by Jon Kanis
(originally published in Schlock in 1994; it was subsequently reprinted in Subliminal Tattoos in 1995.)
“Things are symbols of themselves.” – Allen Ginsberg
“Walking on water wasn’t built in a day.” – Jack Kerouac
“Among other things you’ll find that you’re not the first person who was ever confused and frightened and even sickened by human behavior. You’re by no means alone on that score, you’ll be excited and stimulated to know. Many, many men have been just as troubled morally and spiritually as you are right now. Happily, some of them kept records of their troubles. You’ll learn from them, if you want to. Just as someday, if you have something to offer, someone will learn something from you. It’s a beautiful reciprocal arrangement. And it isn’t education. It’s history. It’s poetry.” – J. D. Salinger
Life is a mysterious adventure, a treasure hunt so to speak, and making your way through the hunt can be tricky business. That is why maps were invented. Maps give you a glimpse of the terrain and the treasures that await at your “destination.” Awareness can be its own type of map and through the application of myth it can become much easier to chart a course for yourself and still allow for life’s mystery to unfold naturally. That might seem like a contradiction, but merrily, life is full of them.
Life is also about the reconciliation of seeming opposites. The Buddha taught that creating balance is crucial to your personal well-being if the Zen practitioner is to successfully integrate the spiritual with the material. Zen masters emphasize that the only moment that exists is the eternal Now. Allow me to tweak that just a little bit and suggest that just maybe the entire concept of history is a hype and that there really is no such thing when you are living in the here and Now. This might be difficult to concede, but try and suspend your prejudices, if only for a couple of minutes.
I’ve become aware only recently that in a reality based on symbol systems that the only meaning those symbols have is whatever I project upon them. I’m a little slow, I admit, but I’m beginning to wake up to the fact that most of what I believe life to be about is based largely upon what I’ve been told reality is, not what my direct personal experience has shown it to be. That shifted once I learned how to think with my heart and go with the flow of my feelings. No one really talked about feelings much when I was coming of age.
And that is why role models are so important. If human beings are to live consciously it helps to have mentors along the way that are capable of setting a positive example. Everyone is looking for clues in the mystery of life, it’s just that some people are better detectives than others. And ultimately, what you value will influence your adventure when the time comes to draft your own map.
Being in touch with your feelings is paramount if we are to live our lives as something more than a mere intellectualization. Bohemians throughout the ages have known this and that is what sets the artist apart from the rest of society. By the very willingness to go into the uncharted wilderness and by daring to feel and explore one’s own heart and psyche, the artist embarks on a personal treasure hunt and the gold that he comes back with is the artful discoveries that he shares with the rest of the universe. When an artist bares his soul, both he and the audience are blessed by the experience.
This is what writers and poets do and in the literature of the twentieth century no one has done it with as much honesty as the members of what is commonly referred to as the Beat Generation. Call them naïve, call them rebels, call them unwashed, call them whatever you like – the Beats are a tremendously important link to the post-modern world as we know it. A group of crazy and romantic idealists, the Beat Generation shared a vision. Their vision was a stance of believing in the freedom of the individual, of asking tough questions, of refusing to accept the status quo, of breaking down conventions, and spreading the beatitude of love; in short, a vision ripe for creating a social revolution across the planet. Theirs was a vision of unity, a vision that was somewhat ahead of its time.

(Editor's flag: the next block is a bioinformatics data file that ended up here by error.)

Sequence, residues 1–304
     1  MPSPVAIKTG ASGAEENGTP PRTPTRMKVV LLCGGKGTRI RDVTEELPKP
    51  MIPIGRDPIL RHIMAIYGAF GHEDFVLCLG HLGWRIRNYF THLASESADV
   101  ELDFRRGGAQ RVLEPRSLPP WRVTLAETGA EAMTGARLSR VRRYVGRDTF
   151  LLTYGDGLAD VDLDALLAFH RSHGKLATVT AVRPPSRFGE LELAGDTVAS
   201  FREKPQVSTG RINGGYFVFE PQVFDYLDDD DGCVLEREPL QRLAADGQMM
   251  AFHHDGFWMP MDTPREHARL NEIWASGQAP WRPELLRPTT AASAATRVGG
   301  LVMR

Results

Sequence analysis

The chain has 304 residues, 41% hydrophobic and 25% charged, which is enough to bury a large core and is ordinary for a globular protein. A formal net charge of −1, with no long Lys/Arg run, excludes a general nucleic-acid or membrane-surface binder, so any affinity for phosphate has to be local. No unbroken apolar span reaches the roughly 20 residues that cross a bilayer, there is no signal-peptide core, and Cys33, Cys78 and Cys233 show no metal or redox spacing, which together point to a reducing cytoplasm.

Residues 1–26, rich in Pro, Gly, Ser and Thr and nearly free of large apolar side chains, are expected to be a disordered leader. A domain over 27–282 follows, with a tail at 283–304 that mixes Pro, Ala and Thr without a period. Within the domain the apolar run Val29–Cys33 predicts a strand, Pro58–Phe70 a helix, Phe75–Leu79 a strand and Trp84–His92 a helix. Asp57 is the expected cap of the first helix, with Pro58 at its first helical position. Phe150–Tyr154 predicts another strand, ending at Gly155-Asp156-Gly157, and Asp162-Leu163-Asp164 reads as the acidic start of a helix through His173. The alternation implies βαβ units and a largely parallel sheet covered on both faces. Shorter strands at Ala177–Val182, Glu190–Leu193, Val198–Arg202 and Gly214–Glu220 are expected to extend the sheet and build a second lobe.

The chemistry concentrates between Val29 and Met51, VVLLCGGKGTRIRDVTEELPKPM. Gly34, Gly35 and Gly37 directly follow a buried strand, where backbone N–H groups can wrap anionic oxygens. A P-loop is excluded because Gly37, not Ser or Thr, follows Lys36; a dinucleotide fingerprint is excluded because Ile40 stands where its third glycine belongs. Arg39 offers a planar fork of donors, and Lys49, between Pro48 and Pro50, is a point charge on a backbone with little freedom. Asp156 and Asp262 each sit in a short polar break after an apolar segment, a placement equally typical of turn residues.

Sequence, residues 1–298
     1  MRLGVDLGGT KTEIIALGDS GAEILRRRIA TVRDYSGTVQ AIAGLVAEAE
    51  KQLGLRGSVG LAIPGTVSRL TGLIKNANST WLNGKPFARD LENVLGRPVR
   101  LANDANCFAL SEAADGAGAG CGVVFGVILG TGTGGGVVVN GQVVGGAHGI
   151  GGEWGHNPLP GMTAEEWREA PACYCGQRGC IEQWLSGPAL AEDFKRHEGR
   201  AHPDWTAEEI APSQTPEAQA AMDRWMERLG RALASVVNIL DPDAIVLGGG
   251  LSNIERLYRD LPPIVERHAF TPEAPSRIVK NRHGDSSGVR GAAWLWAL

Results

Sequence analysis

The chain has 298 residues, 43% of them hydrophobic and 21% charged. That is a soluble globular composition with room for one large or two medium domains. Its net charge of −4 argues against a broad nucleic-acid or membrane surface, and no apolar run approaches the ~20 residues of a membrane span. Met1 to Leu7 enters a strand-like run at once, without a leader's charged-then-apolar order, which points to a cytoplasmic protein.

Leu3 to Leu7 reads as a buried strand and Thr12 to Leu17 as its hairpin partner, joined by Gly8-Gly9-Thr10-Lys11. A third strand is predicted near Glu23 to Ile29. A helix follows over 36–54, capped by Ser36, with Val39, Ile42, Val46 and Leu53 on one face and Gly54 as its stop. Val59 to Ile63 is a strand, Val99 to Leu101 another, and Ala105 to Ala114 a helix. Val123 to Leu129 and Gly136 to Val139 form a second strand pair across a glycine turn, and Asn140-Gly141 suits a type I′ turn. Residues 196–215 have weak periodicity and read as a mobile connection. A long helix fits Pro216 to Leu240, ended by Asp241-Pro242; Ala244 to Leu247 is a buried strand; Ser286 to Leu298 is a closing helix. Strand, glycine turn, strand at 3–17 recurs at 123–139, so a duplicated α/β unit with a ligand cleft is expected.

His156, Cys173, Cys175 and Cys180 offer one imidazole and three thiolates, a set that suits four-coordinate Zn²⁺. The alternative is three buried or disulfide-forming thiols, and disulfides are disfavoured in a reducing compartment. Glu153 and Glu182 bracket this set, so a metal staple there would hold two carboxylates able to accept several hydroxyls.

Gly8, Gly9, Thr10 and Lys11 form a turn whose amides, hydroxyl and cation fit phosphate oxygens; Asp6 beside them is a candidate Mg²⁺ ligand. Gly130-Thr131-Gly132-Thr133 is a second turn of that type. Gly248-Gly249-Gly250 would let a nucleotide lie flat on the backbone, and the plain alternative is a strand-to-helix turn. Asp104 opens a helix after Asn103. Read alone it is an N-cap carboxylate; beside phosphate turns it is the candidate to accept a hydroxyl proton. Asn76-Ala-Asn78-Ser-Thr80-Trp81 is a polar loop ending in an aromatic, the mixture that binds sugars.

But a worthwhile message never goes out of style. Are Christ and the Buddha fashionable? It doesn’t matter because history doesn’t exist remember? Certainly the America of 1955 doesn’t exist: the America of that period is now in the realm of myth and legend. It can be tough for me to find the perspective in all that “historical stuff” when it is just hearsay to my personal experience. I mean, I wasn’t even alive when Jack Kennedy was shot so how am I supposed to know what post-World War II America was about? History as a system of symbols is difficult for me to fathom. What I do know, however, is what lies on the printed page of Jack Kerouac’s mind through the books that he wrote and to bring that experience into the Now I don’t need a historical context to feel those tales of abandon and excess. The search for joy and freedom, the emotion of spiritual longing: these are timeless excursions into the human condition. For me, the Beats didn’t happen forty years ago, they’re happening right Now and all you need is a heart that feels and the eyes to see to share in the experience of this timeless eternal truth. There might be some who’ll scream about how times change and it’s just not the same anymore and you can’t hitchhike the way you used to and blah, blah, blah, blah, but it doesn’t matter. Those are the people that think history is something tangible. The Beat Generation is Now and it doesn’t matter what sort of label you stick on it. Being Beat is a state-of-mind and you can’t blot out that truth by tearing off a page on a calendar. It’s as eternal as your next breath or your first kiss. I mean, like dig what’s on the page. Listen with your eyes and feel.